Strategy & Innovation
Rethinking Global Innovation
Just about every company needs to step up efforts to compete in emerging markets. Want proof? Eighty percent of the world's population and 40% of the world's economy (adjusting for purchasing power parity) constitutes just 10% of revenues for Standard & Poor's 500 companies.
University of Michigan Professor C.K. Prahalad has long urged companies to tap into the fortune at the bottom of the world's economy pyramid. What once was a strategic nicety is increasingly a competitive necessity. Companies that don't find ways to love low-income markets will struggle to meet growth targets and increasingly cede the innovation agenda to companies based in those markets.
In The Silver Lining, I argued that companies seeking to win in emerging markets need to fundamentally rethink their strategic approach. In yesterday's "era of optimization," companies could succeed by selling tweaked versions of their existing products or services to relatively wealthy consumers in emerging markets. They could further succeed by shrinking or de-featuring those solutions to reach less wealthy consumers.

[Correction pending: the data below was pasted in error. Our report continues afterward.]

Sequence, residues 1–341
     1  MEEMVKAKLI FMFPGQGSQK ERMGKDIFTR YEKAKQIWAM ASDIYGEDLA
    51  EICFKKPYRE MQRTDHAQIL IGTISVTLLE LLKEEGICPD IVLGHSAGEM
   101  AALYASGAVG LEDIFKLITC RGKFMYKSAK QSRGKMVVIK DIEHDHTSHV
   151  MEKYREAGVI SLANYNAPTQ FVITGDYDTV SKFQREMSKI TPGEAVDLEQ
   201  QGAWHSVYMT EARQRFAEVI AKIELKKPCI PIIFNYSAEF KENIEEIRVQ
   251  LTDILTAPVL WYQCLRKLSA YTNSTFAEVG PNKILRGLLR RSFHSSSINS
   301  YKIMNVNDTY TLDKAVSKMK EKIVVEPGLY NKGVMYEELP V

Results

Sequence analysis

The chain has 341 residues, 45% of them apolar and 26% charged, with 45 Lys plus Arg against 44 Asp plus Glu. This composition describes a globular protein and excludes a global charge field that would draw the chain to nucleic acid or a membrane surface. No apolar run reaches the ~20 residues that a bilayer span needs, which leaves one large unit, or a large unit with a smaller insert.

This approach is akin to saying: "We've made a meal that customers in developed markets find delicious. Who wants it? Can't afford the whole thing? Maybe a bite will do!"
The "Missing Middle" The heart of disruptive innovation is finding a way to address an important job-to-be-done of a "nonconsumer" who lacks the wealth, access, or ability to consume existing solutions. As Clayton Christensen, Harvard professor and Innosight co-founder, puts it: "You can't walk 100 feet in India without running into a nonconsumer with a critical job-to-be-done."
We've experienced that firsthand through Innosight Ventures, a business we started in 2007 to build and invest in disruptive growth businesses, particularly those in the developing world. Our work in India over the past two years has highlighted how many markets feature a "missing middle."